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Why We Get Fat

And What to Do About It

By Gary Taubes
18-minute read
Audio available
Why We Get Fat: And What to Do About It by Gary Taubes

Why We Get Fat (2010) explains why certain types of carbohydrates are the main reason we get fat. The book not only shows why people gain weight, but why the topic is so controversial. It also talks about why some people get fat and others do not, the role genetic predispositions play in this process, and which foods we should all avoid. 

  • Anyone who wants to lose or maintain their weight
  • Anyone interested in finding out about the causes of being overweight

Gary Taubes (b. 1956) is an American science journalist. In his books, he discusses scientific controversies and offers his readers clear insights into complex subject areas. Most recently he has attracted attention for his critical view of the nutrition science establishment. 

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Why We Get Fat

And What to Do About It

By Gary Taubes
  • Read in 18 minutes
  • Audio & text available
  • Contains 11 key ideas
Why We Get Fat: And What to Do About It by Gary Taubes
Synopsis

Why We Get Fat (2010) explains why certain types of carbohydrates are the main reason we get fat. The book not only shows why people gain weight, but why the topic is so controversial. It also talks about why some people get fat and others do not, the role genetic predispositions play in this process, and which foods we should all avoid. 

Key idea 1 of 11

The usual explanation for being overweight is based on the flawed logic that fat makes us fat.

We knew enough to be able to stop the spread of obesity as early as the 1960s, but health experts decided to ignore the available findings.

Until the 1950s, hardly a doubt existed that being overweight was caused by a hormonal imbalance. But after World War II, this idea gradually disappeared, only to be replaced by the notion that being overweight was caused by an eating disorder. What was it that brought about this change?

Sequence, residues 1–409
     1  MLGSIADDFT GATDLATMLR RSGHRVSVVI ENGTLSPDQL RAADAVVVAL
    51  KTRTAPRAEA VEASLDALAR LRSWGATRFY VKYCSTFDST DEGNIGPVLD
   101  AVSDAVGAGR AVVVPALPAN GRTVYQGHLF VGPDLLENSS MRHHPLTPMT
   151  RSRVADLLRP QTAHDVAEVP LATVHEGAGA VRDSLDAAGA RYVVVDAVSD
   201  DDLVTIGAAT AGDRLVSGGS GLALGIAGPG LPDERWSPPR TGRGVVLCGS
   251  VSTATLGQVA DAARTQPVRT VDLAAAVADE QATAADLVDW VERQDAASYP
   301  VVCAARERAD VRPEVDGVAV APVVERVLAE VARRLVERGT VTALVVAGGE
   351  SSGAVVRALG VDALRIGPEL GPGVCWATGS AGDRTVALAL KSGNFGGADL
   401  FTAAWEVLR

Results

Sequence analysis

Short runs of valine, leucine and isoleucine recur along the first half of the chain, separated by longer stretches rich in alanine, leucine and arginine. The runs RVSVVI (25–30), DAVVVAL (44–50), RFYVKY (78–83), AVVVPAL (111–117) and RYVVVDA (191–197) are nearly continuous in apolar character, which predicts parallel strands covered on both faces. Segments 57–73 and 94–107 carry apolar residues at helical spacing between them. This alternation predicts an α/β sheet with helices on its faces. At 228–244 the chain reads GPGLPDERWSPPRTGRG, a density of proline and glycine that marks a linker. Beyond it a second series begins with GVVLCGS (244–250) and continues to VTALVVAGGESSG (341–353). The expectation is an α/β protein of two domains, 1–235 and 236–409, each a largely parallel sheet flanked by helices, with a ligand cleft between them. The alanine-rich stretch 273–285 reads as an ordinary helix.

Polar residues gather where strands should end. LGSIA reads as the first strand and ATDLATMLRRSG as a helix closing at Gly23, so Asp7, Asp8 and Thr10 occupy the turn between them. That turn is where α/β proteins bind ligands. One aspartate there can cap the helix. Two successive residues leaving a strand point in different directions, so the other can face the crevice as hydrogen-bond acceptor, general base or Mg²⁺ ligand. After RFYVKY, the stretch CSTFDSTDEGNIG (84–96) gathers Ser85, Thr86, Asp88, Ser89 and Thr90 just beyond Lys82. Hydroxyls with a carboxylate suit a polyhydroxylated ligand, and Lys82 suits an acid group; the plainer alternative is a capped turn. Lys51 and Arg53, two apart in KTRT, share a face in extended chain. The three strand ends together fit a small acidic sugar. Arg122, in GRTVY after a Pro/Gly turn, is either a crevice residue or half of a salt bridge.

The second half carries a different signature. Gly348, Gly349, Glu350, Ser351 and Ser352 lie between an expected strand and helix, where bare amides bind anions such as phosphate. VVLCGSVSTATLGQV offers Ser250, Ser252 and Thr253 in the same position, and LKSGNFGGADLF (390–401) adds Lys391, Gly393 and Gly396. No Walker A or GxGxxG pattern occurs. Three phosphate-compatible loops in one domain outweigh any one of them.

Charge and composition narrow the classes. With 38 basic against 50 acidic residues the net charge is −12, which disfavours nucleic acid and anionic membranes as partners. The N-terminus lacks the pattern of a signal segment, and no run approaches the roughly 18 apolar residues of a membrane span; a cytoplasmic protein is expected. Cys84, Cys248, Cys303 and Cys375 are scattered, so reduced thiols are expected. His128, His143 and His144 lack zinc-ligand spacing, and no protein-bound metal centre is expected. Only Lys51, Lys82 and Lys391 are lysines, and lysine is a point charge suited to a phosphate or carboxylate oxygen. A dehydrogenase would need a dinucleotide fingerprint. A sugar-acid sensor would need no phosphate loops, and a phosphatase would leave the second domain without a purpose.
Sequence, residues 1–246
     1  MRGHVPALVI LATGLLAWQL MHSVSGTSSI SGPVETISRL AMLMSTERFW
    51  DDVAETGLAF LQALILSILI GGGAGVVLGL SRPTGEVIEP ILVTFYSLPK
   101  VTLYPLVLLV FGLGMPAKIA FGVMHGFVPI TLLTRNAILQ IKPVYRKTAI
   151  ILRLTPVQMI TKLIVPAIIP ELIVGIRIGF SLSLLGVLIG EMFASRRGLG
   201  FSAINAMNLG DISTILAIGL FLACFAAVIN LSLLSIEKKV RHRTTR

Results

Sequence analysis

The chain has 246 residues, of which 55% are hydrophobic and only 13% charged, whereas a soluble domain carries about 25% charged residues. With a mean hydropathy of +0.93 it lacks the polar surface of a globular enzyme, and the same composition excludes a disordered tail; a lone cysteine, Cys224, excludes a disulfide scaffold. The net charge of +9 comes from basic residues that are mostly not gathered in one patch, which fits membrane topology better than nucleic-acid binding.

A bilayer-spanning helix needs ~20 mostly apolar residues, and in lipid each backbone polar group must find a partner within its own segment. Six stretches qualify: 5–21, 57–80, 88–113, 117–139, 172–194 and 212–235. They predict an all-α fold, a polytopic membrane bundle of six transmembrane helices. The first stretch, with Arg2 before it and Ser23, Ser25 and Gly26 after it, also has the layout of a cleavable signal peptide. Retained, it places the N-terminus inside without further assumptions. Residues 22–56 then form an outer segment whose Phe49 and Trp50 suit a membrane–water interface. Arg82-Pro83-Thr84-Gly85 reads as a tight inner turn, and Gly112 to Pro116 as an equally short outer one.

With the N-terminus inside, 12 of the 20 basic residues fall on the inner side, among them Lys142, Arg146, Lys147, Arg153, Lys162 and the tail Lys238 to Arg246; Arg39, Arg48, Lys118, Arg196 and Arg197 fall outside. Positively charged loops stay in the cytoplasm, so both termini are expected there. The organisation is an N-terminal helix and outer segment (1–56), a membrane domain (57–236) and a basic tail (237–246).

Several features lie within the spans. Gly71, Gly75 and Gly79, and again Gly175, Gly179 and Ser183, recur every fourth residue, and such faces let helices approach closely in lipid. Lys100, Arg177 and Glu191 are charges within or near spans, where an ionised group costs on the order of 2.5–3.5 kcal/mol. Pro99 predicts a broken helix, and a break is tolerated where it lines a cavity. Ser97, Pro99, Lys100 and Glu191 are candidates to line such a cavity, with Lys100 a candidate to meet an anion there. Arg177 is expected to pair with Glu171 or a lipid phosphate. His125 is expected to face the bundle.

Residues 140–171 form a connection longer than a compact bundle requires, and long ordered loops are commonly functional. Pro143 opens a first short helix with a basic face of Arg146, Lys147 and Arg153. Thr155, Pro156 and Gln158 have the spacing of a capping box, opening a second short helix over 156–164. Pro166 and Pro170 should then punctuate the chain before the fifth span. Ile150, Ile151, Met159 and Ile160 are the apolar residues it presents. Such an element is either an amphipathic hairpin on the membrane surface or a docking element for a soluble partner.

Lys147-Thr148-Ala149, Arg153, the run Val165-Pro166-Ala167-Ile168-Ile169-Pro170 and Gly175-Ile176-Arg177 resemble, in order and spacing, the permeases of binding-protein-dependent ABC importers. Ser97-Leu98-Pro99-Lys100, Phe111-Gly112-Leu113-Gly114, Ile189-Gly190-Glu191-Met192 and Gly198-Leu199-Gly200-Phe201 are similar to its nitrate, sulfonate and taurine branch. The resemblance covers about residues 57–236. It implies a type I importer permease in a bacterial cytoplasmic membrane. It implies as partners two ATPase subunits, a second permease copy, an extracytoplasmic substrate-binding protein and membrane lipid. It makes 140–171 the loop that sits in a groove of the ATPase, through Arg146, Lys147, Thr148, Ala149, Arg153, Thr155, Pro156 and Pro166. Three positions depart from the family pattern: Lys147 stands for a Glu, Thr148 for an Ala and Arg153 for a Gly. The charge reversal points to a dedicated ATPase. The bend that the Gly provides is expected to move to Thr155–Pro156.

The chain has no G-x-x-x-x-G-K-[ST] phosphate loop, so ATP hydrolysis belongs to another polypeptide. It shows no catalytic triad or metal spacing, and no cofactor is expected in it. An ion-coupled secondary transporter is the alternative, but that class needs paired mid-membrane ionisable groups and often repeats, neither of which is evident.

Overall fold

The paradigmatic shift was largely due to the publicity surrounding the drastic rise in the number of cases of heart disease. In the 1970s, this problem dominated the public health interest and in turn the economic and political scene.

Obesity, clogged arteries and heart diseases could at last be simply and plausibly explained by the intake of fatty foods. Nobody doubted the main (albeit false) logic that fat first makes us fat – and then makes us sick.

Doctors and public-health authorities vehemently warned people of the consequences of a fatty diet. This not only became a fixed thought in people’s heads but also influenced an entire generation of medical students.

The fact that today’s medical opinion is dominated by a flawed explanatory model does not necessarily mean that doctors and nutrition experts act carelessly. Rather, they are caught in a paradigm so convincing and appealing that it is difficult to question, let alone to dismiss as false. It is not easy to uproot a firm belief.

And so science spread the doctrine that if we want to lose weight, we should eat less fat. But people did not lose weight. On the contrary, over the years they have gotten fatter and cases of heart disease have been on the rise.

The usual explanation for being overweight is based on the flawed logic that fat makes us fat. 

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